Debating is a great way to encourage different levels of thinking among your students as well as a sense of ownership. Ask them to pick a country partaking in the World Athletics Championships and have them write a pitch to host the event. Why should this country be given the event? What are the pros and cons to this country hosting the championships? What are the lasting impacts on the economy, socially, environmentally and politically, and also on the legacy of athletics and participation itself? Why should that country be picked to host an athletics event over any other?
Set up a classroom debate on the pros and cons of each side of the argument. Ask pupils to create a five-minute pitch and give them a few key questions to consider for each side of the debate; encourage them to research a range of articles, websites and news reports to gather evidence to support their arguments. During their pitch, the other team has to come up with three probing questions for them to answer – give them a mini whiteboard to do this (you can give question stems to differentiate if need be). The other team then has its five-minute pitch followed by a repeat of the question task. For those who are reluctant to speak and become involved in the debate, ask them to write the questions or confer with teammates to come up with answers – this ensures everyone in the classroom is involved.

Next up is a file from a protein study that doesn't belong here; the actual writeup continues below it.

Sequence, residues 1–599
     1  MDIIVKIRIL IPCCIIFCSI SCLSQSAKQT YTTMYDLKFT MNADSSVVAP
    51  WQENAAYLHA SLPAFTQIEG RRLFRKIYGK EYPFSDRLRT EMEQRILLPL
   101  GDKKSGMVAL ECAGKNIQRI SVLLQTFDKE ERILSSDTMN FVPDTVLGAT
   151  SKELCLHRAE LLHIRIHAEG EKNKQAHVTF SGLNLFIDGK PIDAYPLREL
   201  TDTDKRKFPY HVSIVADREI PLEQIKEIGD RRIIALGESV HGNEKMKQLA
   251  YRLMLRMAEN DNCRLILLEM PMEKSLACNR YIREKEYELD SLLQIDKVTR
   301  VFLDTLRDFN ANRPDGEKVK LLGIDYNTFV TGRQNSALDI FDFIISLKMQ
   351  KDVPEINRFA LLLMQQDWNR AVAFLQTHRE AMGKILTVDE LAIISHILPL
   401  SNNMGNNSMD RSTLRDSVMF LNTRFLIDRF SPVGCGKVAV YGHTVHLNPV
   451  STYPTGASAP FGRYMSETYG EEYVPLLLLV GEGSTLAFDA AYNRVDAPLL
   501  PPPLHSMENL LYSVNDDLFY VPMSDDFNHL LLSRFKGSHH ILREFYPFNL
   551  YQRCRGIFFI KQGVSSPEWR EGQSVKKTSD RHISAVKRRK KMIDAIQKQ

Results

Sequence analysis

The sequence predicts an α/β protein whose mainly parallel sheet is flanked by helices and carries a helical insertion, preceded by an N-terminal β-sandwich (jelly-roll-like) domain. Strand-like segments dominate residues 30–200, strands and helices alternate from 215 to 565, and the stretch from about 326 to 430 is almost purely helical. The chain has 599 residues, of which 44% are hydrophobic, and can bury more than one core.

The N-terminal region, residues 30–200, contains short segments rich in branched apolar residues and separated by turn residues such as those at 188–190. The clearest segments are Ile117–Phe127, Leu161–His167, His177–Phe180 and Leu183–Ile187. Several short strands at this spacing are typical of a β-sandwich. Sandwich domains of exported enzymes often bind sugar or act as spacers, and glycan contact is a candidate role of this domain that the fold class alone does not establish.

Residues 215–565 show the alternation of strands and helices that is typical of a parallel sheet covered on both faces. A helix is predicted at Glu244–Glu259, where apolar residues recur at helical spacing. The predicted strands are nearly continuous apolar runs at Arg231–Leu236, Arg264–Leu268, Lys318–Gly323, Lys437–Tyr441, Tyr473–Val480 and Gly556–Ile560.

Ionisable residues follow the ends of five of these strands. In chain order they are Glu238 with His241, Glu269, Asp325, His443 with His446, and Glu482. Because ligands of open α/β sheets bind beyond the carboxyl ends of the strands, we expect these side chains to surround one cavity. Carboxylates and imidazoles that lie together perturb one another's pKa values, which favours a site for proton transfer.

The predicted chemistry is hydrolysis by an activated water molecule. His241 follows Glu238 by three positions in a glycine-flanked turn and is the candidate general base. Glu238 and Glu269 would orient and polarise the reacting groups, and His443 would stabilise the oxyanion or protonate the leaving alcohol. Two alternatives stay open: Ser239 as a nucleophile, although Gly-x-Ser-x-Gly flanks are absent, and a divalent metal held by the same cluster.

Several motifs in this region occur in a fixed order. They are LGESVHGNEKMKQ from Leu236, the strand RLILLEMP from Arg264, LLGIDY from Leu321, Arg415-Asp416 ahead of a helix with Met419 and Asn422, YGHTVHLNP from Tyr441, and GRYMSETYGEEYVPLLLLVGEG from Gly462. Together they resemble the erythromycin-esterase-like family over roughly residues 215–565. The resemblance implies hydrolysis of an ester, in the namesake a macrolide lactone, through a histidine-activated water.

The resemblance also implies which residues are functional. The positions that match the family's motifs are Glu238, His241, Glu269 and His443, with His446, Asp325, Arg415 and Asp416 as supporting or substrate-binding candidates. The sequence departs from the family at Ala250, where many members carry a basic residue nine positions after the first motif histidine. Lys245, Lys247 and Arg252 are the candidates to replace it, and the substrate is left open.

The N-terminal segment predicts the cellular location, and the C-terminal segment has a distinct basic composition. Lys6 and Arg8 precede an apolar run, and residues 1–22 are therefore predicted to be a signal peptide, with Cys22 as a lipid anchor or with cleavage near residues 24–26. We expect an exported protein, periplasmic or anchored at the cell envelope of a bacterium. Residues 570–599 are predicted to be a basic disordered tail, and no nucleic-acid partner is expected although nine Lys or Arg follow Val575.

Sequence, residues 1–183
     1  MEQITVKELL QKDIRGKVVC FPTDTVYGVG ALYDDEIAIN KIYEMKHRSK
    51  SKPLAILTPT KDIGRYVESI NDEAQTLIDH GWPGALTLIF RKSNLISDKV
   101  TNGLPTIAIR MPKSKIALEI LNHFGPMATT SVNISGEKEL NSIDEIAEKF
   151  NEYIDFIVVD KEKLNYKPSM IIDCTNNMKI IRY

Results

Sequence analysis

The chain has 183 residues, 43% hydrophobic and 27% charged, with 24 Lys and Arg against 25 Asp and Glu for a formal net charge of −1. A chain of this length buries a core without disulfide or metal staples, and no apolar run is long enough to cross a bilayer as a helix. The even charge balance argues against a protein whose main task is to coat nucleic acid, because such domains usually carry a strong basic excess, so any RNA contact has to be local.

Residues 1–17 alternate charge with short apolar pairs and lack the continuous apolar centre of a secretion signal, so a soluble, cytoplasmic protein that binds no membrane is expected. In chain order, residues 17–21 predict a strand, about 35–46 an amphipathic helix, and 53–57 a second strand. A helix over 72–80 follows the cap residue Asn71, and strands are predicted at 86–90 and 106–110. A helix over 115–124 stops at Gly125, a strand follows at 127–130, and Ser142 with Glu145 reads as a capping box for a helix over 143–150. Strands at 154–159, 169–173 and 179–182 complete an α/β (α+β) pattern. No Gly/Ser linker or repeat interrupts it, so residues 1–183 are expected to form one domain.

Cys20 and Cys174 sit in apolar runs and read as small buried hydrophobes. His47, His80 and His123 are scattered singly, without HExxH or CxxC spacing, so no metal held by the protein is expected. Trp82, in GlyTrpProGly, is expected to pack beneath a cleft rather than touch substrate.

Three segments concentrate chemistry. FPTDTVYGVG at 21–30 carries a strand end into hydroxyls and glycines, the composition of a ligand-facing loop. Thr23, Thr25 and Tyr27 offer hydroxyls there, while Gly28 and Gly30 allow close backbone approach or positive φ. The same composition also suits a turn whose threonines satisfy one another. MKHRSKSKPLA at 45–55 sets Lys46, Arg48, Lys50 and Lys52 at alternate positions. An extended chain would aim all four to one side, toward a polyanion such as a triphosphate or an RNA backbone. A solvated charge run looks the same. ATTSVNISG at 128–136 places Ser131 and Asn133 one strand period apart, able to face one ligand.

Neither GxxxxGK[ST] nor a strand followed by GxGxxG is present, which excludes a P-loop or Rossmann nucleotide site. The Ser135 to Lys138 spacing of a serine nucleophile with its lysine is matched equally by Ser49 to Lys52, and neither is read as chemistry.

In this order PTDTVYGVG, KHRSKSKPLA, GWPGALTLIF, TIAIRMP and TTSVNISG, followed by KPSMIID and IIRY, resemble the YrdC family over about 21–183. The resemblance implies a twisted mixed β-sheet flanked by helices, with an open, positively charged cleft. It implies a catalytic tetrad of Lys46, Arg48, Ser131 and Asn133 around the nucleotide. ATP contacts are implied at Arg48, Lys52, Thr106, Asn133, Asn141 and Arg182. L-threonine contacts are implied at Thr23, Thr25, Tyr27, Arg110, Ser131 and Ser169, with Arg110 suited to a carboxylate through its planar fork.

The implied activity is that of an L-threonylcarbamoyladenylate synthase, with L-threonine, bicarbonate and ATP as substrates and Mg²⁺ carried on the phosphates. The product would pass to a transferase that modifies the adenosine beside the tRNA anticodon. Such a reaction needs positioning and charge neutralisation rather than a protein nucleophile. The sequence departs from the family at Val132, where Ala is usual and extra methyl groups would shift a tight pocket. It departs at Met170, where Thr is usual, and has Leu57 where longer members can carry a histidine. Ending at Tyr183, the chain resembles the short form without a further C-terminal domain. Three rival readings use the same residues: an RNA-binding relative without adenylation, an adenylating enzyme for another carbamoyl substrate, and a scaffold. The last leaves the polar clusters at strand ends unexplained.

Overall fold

Now, let the debate commence.
Rules: do not interrupt, and listen to all parties. Ensure that all members of the team speak; if they did not deliver in the pitch, then they have to ask a question. Give points on the leaderboard to pertinent questions, good listening skills, clear and concise delivery and strong arguments, and award a gold medal to the winning team.
4. Mix numeracy with athletics
When teaching athletics outside, such as relays, sprints, jumping and throwing events, incorporate numeracy. Work out the class mean, average, mode and median results of each of the events that the class partakes in. What is the optimum angle that a shot putter should throw the shot? Why do some athletes favour the Fosbury Flop in the high jump and why do long jumpers ‘cycle’ their legs in the air? Depending on the age and ability of the pupils, complete a statistical analysis of class results (a comparison with the professional results is often interesting), use of angles and forces to work out the best technique for a range of events – and be able to explain why.
5. Film athletics lessons
Video pupils partaking in athletics events (having first gained their permission); in the classroom, give each pair a video clip of pupils competing in a specific event. The students then have to think about and discuss the science of the main muscles used for each event. Explain the types of muscles and their composition; contraction and movements needed; how the muscles work in pairs with antagonist and agonist muscles; and the fast- and slow-twitch fibres needed for each event. Then pupils are tasked with creating their own athletics lesson plan to engage and work these muscles, including warm-up and cool-down activities for the specific muscles that are most commonly used in those events.
Athletics teaching doesn’t need to remain on the track to inspire. Bringing these relatively simple yet effective ideas into classroom teaching can be a great way to boost pupil enthusiasm and engagement, while at the same time developing a greater understanding of key curriculum subjects. So why not use the championships as a stepping stone to encourage more motivation, commitment and engagement among your pupils?
Rebecca Bownas teaches geography, PE and games at Hurstpierpoint College